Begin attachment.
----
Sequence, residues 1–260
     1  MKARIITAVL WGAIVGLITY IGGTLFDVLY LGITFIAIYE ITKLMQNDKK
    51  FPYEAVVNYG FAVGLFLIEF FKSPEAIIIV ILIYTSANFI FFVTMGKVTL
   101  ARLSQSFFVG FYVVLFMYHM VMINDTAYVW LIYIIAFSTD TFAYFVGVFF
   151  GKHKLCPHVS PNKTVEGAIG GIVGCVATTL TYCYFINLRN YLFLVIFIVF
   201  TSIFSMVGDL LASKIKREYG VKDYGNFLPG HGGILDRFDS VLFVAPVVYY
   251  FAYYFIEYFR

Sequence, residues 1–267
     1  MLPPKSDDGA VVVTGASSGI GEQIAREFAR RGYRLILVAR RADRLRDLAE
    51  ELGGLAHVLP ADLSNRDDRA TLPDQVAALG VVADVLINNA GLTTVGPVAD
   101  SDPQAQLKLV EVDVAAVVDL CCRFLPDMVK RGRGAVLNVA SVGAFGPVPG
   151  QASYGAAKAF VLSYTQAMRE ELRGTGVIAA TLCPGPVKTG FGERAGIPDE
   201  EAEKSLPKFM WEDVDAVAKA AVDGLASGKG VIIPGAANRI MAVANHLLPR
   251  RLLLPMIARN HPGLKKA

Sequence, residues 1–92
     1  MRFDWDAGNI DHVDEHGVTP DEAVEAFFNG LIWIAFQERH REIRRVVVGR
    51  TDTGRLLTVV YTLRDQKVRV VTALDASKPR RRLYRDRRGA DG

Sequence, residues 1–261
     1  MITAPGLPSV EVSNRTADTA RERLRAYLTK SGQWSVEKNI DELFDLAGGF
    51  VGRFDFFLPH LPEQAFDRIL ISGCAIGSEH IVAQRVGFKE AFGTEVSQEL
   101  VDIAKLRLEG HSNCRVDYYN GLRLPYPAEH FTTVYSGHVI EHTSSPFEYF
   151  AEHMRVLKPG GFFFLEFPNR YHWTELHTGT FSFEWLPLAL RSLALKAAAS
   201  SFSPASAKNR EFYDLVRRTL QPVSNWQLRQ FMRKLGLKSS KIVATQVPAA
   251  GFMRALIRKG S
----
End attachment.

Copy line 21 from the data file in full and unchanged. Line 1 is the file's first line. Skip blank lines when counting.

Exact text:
   101  VDIAKLRLEG HSNCRVDYYN GLRLPYPAEH FTTVYSGHVI EHTSSPFEYF